This paper aims to identify what workplace representative behaviours are most strongly associated with members’ commitment. This is increasingly important, as decentralised management practices have shifted management decisions to workplace levels, placing new demands on workplace representatives.
The methodological approach is quantitative and cross sectional. A total of two unions and 32 workplaces are examined.
Members’ commitment corresponds to workplace delegate leadership that is responsive. Transparency had a negative relationship to commitment, possibly because it is also interpreted as bureaucratic and overly formal for workplace issues. Innovation was not significantly associated with members’ commitment. This applies regardless of occupational class, gender or age. It was also found that workplaces that had adopted the organising model had more committed members.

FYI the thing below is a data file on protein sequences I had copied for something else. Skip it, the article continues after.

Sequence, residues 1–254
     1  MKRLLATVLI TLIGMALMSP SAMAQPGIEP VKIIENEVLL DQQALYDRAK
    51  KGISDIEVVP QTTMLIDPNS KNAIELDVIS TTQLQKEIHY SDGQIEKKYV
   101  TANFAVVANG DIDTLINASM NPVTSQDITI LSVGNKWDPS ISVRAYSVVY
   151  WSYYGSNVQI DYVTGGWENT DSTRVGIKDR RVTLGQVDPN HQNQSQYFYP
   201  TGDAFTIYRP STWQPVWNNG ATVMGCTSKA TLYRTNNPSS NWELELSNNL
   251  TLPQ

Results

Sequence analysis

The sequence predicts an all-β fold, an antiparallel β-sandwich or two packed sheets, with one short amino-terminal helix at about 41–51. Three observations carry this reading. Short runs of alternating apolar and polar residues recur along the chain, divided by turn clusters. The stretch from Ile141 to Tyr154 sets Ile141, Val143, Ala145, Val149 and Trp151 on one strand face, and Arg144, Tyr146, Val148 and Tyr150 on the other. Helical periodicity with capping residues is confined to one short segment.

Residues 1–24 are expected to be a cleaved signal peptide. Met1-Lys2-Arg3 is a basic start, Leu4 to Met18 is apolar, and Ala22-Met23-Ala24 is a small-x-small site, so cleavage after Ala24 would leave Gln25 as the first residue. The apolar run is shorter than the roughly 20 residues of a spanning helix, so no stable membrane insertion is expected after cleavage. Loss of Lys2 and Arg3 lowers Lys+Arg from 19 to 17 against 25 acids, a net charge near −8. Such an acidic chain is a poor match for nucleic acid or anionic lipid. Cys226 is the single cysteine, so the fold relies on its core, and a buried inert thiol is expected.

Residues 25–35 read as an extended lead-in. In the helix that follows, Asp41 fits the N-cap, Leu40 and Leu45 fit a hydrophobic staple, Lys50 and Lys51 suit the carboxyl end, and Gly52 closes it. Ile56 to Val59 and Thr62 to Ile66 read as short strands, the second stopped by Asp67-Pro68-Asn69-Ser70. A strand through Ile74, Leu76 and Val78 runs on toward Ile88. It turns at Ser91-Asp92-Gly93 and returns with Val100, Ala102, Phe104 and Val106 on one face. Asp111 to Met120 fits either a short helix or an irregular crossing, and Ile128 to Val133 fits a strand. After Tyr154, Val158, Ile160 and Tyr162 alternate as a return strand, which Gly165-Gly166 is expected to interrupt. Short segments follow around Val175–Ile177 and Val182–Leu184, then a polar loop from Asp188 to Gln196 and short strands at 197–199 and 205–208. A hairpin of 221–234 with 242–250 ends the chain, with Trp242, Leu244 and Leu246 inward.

Cross sectional relationships do not equal causation. However, the findings suggest that workplace level responsiveness by delegates is potentially very effective in building member commitment.
Unions can, with more confidence than previously, invest in developing responsive delegate leadership teams.
This paper provides insight into effective leadership behaviours that apply across two unions covering diverse workplaces and occupational types. As management decentralises, unions need to as well. This provides assistance to unions on how to do so. The cross sectional nature of the study builds on earlier research that may have been prone to common method variance.
Plimmer, G. and Blumenfeld, S. (2012), "Trade union delegate leadership and membership commitment: a cross‐sectional analysis", Leadership & Organization Development Journal, Vol. 33 No. 8, pp. 750-762. https://doi.org/10.1108/01437731211280811Download as .RIS
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